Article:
Auchinleck (1884-1981) was born into a military family. After graduating from Wellington College, he entered Sandhurst. Then, in 1904, he gained his commission in the 62nd Punjab Regiment.
During his early career in India, Auchinleck became popular for his aptitude for learning local languages and his easy rapport with ordinary Indian soldiers. He developed an intimate knowledge and love of India, its people and culture.
He learnt much from his experiences in Mesopotamia, realising that soldiers' health and fitness were critical to an army's effectiveness, and becoming convinced that adequate rest, hygiene, food and medical supplies were essential.
He also witnessed the difficulties of launching poorly prepared attacks against well-armed, dug-in defenders. This influenced his later reluctance to undertake the sort of hasty actions advocated by Winston Churchill and others.
During the inter-war period, he was an instructor at the Quetta Staff College. He also saw service on India’s troublesome North-West Frontier. In 1934, he was awarded a CB (Companion of the Most Honourable Order of the Bath) for his leadership of a brigade in the Mohmand area the previous year.
A major-general on the outbreak of war in 1939, he commanded the troops involved in the ill-fated Narvik expedition (1940). Next, he served in England, first as a corps commander and then as head of Southern Command.
Promoted to general in November 1940, Auchinleck was appointed Commander-in-Chief India. His swift dispatch of soldiers to deal with the uprising in Iraq (1941) won him Prime Minister Winston Churchill’s approval.
‘The Auk’, as he was nicknamed, was Commander-in-Chief Middle-East Forces between July 1941 and August 1942, where he experienced mixed fortunes.
His initial success, with Operation Crusader in November 1941, was overshadowed by the subsequent retreat following the Gazala battles and the loss of Tobruk. His relationship with General Neil Ritchie, commander of Eighth Army, was strained and he eventually relieved him of command in June 1942.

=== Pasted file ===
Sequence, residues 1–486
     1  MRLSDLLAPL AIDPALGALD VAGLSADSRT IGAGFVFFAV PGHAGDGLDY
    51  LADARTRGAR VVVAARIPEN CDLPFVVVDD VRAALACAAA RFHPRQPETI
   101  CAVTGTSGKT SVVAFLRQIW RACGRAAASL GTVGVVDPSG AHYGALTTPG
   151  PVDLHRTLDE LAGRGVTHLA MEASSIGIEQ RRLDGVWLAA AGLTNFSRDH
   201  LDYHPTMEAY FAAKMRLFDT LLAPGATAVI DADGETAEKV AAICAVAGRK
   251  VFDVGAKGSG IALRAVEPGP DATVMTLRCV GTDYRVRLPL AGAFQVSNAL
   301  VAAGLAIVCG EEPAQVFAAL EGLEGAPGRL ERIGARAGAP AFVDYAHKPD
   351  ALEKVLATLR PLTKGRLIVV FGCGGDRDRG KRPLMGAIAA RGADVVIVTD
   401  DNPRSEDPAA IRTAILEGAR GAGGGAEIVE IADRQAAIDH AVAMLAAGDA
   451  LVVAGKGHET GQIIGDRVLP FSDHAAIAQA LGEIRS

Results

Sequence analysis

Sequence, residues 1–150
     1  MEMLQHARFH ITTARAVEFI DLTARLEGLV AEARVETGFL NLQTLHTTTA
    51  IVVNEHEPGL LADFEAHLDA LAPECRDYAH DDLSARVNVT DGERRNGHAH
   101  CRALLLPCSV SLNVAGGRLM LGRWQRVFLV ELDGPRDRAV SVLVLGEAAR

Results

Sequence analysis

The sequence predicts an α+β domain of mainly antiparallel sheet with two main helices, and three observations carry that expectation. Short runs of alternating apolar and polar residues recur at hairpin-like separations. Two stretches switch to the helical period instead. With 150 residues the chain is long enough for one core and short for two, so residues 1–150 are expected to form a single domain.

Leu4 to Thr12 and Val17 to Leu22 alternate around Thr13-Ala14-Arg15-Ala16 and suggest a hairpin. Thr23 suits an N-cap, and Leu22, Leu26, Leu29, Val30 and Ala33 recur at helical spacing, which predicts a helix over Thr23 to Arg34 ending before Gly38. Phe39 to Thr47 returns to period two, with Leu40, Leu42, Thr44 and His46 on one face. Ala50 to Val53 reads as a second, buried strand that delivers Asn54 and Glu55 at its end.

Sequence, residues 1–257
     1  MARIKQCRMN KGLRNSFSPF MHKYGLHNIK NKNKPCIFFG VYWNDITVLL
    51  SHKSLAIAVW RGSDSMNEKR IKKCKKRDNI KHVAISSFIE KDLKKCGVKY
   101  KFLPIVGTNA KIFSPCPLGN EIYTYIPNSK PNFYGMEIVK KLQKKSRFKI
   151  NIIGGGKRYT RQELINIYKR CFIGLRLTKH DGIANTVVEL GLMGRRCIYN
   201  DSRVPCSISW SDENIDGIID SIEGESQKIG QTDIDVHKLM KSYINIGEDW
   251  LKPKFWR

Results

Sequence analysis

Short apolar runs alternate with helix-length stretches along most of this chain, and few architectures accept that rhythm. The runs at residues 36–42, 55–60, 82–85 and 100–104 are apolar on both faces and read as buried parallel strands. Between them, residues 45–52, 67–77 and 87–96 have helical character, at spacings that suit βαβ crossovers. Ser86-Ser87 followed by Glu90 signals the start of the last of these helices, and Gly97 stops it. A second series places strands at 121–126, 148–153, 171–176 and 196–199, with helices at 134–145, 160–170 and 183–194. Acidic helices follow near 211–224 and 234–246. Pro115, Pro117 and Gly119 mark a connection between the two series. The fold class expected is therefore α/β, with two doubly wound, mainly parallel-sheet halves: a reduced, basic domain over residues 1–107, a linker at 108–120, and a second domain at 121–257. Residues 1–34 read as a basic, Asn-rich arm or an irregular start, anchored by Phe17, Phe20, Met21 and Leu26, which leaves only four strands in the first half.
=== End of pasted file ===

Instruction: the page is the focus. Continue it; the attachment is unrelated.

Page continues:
Taking personal control of Eighth Army, he checked the German advance at the First Battle of Alamein, but was unable to co-ordinate a successful counter-attack. This, along with his poor relationship with many senior British and Dominion officers in Eighth Army, led to him being relieved of command.
Perhaps his main failing in North Africa was appointing a number of senior commanders who proved to be unsuitable for their positions, or who had personality clashes with other colleagues in Eighth Army.
‘Your achievement in stopping the rot in a beaten army, in restoring morale so speedily, in wresting the initiative from a triumphant enemy, and inflicting on him crippling losses, will one day be recognised.’
General Thomas Corbett on Auchinleck’s departure from Eighth Army, 1942
‘It was a good day for us when he took command of India, our main base, recruiting area and training ground. The Fourteenth Army, from its birth to its final victory, owed much to his unselfish support and never-failing understanding. Without him and what he and the Army of India did for us we could not have existed, let alone conquered.’
Field Marshal William Slim on Auchinleck, 1956
Despite his dislike of the post-war partition of India, Auchinleck helped prepare the Indian Army for its division into the armies of Pakistan and India. On 1 June 1946, he was promoted to field marshal. But he refused to accept a peerage, not wanting to be associated in the public mind with a policy he believed to be mistaken.
Auchinleck returned to Britain in 1948. In later years, he emigrated to Marrakesh, where he died at the age of 96.